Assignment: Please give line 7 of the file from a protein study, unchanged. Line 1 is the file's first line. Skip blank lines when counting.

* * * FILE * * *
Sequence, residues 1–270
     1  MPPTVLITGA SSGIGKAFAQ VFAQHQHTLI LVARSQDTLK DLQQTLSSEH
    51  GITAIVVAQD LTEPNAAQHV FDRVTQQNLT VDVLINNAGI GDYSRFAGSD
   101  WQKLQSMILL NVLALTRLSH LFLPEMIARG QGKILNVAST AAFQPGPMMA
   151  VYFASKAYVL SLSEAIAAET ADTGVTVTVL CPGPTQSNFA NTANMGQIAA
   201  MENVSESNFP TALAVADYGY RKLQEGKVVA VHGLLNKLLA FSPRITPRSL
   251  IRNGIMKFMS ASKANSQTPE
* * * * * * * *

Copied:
   251  IRNGIMKFMS ASKANSQTPE